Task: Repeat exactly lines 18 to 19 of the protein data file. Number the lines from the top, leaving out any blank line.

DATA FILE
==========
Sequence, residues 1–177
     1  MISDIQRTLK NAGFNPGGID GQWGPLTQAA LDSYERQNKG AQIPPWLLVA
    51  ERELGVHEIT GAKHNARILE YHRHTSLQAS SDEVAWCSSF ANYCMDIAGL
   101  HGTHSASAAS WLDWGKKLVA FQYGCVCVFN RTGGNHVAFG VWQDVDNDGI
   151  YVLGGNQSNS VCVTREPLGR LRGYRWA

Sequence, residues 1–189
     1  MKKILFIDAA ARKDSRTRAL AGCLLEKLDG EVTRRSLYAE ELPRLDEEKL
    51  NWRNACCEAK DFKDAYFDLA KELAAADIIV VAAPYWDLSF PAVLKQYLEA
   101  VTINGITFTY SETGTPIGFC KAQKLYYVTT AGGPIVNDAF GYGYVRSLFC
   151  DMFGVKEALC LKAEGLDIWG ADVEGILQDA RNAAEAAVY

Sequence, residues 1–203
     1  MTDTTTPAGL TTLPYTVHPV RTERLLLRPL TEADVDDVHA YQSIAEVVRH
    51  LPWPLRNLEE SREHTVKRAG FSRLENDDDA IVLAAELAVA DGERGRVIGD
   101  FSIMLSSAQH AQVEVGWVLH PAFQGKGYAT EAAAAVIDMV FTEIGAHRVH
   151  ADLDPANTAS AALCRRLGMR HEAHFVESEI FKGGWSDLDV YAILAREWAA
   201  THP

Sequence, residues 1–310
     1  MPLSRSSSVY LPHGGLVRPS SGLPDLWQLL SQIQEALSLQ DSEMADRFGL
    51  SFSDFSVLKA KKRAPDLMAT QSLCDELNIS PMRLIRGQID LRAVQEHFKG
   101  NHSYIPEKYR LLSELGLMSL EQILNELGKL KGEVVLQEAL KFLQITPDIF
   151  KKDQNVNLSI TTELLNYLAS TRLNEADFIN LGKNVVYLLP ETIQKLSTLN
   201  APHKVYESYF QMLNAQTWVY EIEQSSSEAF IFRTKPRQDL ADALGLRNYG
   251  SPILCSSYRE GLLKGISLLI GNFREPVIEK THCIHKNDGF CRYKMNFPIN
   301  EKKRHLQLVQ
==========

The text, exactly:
     1  MPLSRSSSVY LPHGGLVRPS SGLPDLWQLL SQIQEALSLQ DSEMADRFGL
    51  SFSDFSVLKA KKRAPDLMAT QSLCDELNIS PMRLIRGQID LRAVQEHFKG